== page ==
What will Labour mean for SMEs?

What will Labour mean for SMEs?

The general election saw the Conservative Party swept aside after 14 years in power and ushered in a new Labour government that professes a desire to change Britain and bring back stability. The new Prime Minister, Sir Keir Starmer, says he wants to work with business to grow the economy but it’s still unclear exactly what this will mean.

The new government has promised to introduce new legislation and regulatory reforms designed to significantly benefit small business and it has won the backing of business leaders including Dragon’s Den investors Deborah Meaden and Theo Paphitis. Its plans include, for example, better access to banking services and stamping out late payment of invoices.

The Policy Chair of the Federation of Small Businesses, Tina McKenzie, congratulated the new Prime Minister and said the clear election result gives hope that political stability can lead to economic stability and recovery. Nevertheless, SMEs are holding their breath while they wait to see what a Labour government means to them.

What businesses think

Luke Hughes, founder and creative director of custom furniture designers Luke Hughes, says: “The great hope of a new dawn is all very well and it’s wonderful to see some of the hubris of the previous government being suitably punished. But the jury is out as to whether this is just revenge by the electorate and whether it can translate into genuine change.”

Martin MacConnol, founder of creative content agency Wardour says: “The election result wasn’t unexpected, but I now feel as though we’ve swapped one uncertainty for another. Instead of the chaos of the Conservatives we now have the uncertainty of what Labour will actually do.

“They have made a lot of the right noises for business. But with the majority they now have, will they stick to those promises or go for a more radical agenda? I expect I will probably end up paying more tax, but the flip side is that we may get the British economy booming again.”

Strengthening workers’ rights

It’s certainly clear that workers’ rights are a high priority for the government, which has promised to introduce a new Employment Bill to Parliament within 100 days. The party says the bill will be “the biggest upgrade of workers’ rights” in a generation. It’s likely to include proposals to strengthen rights over unfair dismissal, sick pay and zero-hour contracts.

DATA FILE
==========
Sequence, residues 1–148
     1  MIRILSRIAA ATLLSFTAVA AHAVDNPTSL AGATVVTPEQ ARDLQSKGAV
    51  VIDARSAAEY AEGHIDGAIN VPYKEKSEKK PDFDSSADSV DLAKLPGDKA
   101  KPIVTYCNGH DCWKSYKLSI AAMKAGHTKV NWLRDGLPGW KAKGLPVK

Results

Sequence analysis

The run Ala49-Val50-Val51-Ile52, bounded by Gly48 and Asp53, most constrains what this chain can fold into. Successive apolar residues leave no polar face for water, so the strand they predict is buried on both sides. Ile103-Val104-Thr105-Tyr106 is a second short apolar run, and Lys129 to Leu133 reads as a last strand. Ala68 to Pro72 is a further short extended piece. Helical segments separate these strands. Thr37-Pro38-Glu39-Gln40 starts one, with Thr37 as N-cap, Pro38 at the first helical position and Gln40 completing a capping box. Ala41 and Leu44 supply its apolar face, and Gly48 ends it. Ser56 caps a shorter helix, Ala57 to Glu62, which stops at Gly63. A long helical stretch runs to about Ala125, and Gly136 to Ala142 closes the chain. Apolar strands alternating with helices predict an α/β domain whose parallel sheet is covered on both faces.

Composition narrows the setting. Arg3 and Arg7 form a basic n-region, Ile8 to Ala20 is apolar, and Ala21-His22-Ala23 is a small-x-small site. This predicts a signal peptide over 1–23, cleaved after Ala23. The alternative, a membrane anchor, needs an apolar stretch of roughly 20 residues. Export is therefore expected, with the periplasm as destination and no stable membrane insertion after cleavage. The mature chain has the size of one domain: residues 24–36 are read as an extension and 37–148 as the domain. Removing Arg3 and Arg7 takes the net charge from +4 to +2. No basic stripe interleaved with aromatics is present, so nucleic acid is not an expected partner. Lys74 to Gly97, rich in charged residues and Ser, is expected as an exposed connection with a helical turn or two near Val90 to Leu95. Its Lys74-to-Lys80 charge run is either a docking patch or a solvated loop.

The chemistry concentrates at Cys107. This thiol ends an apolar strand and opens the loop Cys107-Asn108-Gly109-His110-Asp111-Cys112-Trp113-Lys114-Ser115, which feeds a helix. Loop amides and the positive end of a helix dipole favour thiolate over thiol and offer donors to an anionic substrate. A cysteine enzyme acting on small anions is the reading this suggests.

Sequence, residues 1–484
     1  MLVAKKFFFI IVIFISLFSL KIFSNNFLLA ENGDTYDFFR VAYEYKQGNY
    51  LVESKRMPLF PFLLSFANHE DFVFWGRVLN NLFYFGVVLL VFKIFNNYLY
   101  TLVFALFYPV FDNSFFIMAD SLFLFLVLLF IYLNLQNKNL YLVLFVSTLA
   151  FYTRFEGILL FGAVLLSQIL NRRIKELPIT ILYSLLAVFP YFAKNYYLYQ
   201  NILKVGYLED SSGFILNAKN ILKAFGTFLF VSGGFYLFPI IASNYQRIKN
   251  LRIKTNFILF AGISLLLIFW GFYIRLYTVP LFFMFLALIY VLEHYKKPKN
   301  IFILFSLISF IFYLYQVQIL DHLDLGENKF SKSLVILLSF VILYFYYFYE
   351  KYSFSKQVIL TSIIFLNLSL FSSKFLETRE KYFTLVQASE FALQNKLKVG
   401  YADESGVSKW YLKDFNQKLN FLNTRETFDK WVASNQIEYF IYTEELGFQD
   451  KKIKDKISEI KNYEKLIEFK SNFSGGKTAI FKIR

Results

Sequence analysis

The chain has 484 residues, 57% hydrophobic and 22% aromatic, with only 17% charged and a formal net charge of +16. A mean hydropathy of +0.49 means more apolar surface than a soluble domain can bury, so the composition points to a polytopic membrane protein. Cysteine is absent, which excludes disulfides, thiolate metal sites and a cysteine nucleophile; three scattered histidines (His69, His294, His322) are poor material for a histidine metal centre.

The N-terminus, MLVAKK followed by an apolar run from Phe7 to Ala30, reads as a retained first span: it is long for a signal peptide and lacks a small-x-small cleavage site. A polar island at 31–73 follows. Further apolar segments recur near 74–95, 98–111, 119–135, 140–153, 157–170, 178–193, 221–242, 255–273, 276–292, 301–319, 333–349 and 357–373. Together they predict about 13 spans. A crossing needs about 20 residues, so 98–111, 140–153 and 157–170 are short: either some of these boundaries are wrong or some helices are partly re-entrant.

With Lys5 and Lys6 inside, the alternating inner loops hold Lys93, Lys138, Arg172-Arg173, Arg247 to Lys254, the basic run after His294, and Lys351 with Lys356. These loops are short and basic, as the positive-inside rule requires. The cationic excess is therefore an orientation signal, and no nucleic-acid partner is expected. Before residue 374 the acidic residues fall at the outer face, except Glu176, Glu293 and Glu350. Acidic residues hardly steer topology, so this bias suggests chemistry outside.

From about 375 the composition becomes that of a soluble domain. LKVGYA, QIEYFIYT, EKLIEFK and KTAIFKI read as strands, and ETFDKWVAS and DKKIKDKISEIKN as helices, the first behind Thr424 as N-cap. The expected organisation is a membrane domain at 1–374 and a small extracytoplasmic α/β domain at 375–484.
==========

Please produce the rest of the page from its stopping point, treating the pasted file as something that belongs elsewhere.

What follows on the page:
"With the majority they now have, will they stick to those promises or go for a more radical agenda?

The government is also committed to the introduction of a ‘real living wage’ by changing the Low Pay Commission’s remit to account for the cost-of-living, alongside median wages and economic conditions, rather than focusing on inflation only, when setting suggested rates.

It has also said it will extend the time within which employment tribunal claims must be made from three to six months. And as well as increased enforcement of employment law, Labour has also promised tougher penalties for employers who fail to comply with tribunal orders. This might include personal liability for directors of those companies.

There are also special proposals for the care sector, which suffers from high rates of staff turnover. These include collective bargaining under a new Fair Pay Agreement and ensuring travel time that is working time is paid. There are also plans to improve training and all of these changes are likely to have costs for employers but could end the high turnover rates we have seen.

Single worker status

Another significant plan under the ‘make work pay’ initiative is to introduce a ‘single worker’ status. Currently, UK employment law recognises three types of employment status: employees, workers and self-employed. While employees have extensive statutory rights and protections, workers only benefit from some, and genuinely self-employed people do not benefit from any of these protections.

Labour proposes scrapping the ‘worker’ category and giving workers full employment rights, so that there is no longer a distinction between workers and employees in terms of employment rights. There is a question, however, as to whether their plan will really lead to stability in the contracting landscape and  whether it will even become reality. It’s a drastic overhaul of the current rules which would require a great deal of consultation and effort at a time when the government is dealing with other more pressing issues.

It remains to be seen whether all of Labour’s proposed changes are enacted and whether the new government will fulfil its promise to support small businesses. Change is certainly coming. What sort of change? We don’t yet know.